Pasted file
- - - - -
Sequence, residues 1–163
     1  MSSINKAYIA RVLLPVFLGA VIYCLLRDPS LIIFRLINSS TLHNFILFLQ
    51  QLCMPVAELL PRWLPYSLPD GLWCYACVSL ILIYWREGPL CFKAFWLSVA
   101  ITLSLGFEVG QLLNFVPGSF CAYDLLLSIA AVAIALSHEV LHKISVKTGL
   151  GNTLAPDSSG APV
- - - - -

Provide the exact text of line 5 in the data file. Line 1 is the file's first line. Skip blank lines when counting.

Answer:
   151  GNTLAPDSSG APV